Ray Dalio admits he ‘might be missing something’ about Bitcoin as it surges past $17K
In a Twitter thread posted on Nov. 17, Dalio stated he believed that Bitcoin (BTC) was not an effective medium of exchange nor a store of value due to its volatility. He also asserted that governments could outlaw crypto assets if they became a threat to fiat currencies. However, he also admitted he “might be missing something” and invited others to chime in with their explanations.
“I can’t imagine central banks, big Institutional investors, businesses or multinational companies using [Bitcoin],” said Dalio. “If I’m wrong about these things I would love to be corrected.”
I might be missing something about Bitcoin so I’d love to be corrected. My problems with Bitcoin being an effective currency are simple… (1/5)
— Ray Dalio (@RayDalio) November 17, 2020
Dalio’s remarks came following a BTC price surge, as the crypto asset rose past $17,500 in less than 24 hours. The bullish news led to many contributors in the space sharing their views with the billionaire.
“Let’s put it this way… Bitcoin is money, everything else is credit,” said Mati Greenspan.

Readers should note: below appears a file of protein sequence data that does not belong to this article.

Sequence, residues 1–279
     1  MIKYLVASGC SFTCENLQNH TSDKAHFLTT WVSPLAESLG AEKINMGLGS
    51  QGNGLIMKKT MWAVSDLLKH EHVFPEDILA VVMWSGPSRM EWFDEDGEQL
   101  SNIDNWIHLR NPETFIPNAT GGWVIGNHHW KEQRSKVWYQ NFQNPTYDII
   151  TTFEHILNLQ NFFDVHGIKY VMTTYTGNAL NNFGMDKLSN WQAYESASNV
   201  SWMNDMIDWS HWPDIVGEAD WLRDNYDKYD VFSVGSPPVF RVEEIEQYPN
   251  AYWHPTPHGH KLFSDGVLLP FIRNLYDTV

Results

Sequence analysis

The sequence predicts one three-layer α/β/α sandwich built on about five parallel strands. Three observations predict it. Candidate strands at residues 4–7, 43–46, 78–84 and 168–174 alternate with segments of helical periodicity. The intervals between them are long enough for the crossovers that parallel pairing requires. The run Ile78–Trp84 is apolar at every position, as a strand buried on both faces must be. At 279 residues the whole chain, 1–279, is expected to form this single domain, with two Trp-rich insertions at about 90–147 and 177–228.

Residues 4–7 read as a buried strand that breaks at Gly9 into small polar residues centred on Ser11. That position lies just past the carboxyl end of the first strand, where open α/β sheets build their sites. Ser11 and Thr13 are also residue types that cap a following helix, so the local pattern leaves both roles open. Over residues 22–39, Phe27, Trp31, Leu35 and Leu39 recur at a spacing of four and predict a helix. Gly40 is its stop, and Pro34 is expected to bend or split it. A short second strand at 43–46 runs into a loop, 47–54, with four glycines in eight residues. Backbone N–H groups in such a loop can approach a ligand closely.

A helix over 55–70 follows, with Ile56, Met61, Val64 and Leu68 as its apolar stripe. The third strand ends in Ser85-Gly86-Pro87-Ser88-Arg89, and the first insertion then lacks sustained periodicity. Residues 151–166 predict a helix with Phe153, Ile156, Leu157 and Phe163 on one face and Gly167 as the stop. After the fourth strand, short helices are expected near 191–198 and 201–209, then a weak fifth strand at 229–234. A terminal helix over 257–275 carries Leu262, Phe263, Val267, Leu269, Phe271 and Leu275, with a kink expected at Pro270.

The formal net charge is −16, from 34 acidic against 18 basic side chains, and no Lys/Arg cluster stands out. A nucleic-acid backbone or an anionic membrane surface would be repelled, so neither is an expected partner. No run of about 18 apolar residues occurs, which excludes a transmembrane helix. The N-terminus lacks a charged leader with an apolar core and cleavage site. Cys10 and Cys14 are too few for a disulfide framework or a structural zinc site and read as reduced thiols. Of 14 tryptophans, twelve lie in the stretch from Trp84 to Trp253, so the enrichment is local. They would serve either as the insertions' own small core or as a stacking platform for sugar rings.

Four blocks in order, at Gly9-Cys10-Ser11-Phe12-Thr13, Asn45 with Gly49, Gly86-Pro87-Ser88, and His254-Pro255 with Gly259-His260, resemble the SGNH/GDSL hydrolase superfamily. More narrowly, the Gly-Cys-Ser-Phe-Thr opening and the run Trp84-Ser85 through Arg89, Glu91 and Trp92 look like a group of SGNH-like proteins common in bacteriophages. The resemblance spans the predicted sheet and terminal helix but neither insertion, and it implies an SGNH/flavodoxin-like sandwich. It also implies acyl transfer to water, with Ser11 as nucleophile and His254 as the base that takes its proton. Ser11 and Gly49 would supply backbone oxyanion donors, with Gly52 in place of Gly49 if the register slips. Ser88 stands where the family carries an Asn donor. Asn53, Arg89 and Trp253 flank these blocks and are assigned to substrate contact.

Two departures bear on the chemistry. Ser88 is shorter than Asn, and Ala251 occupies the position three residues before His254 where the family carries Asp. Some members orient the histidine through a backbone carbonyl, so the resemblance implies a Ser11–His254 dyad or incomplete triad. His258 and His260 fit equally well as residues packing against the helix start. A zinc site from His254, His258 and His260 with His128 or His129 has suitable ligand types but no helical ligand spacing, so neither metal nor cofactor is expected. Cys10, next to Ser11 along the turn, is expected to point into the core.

Meltem Demirors, the Chief Strategy Officer at CoinShares, offered a more in-depth response on how she believed BTC could be effectively used for payments, but added it was “a savings technology at its core.” BlockFi CEO Zac Prince followed with a thread of his own, addressing each of Dalio’s points in turn. He cited institutional investors recently adopting Bitcoin, including Fidelity Digital Assets, Square, Paul Tudor Jones, Bill Miller, and Stanley Druckenmiller, to name a few.
2/ @RayDalio, you are starting from a bad initial position of Bitcoin needing to be a currency to be valuable. Better to think of it as an asset subject to the laws of supply and demand like gold, art etc. There’s a great analogy about this – “Bitcoin has a platypus problem” pic.twitter.com/lRQY0XU2kS
— Zac Prince (@BlockFiZac) November 17, 2020
Last Thursday, Dalio stated that he believed governments would be likely to ramp up their efforts to restrict cryptocurrencies if they saw material growth. His remarks came when the BTC price was roughly $2,000 less than it is today — $15,700 compared with $17,732.